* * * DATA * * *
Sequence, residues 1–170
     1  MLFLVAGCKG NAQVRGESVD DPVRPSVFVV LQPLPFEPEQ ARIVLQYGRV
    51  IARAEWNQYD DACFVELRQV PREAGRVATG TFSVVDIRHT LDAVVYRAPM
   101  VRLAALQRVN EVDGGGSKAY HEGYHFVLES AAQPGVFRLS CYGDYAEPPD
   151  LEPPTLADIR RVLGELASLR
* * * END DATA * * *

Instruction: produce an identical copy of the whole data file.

Sequence, residues 1–170
     1  MLFLVAGCKG NAQVRGESVD DPVRPSVFVV LQPLPFEPEQ ARIVLQYGRV
    51  IARAEWNQYD DACFVELRQV PREAGRVATG TFSVVDIRHT LDAVVYRAPM
   101  VRLAALQRVN EVDGGGSKAY HEGYHFVLES AAQPGVFRLS CYGDYAEPPD
   151  LEPPTLADIR RVLGELASLR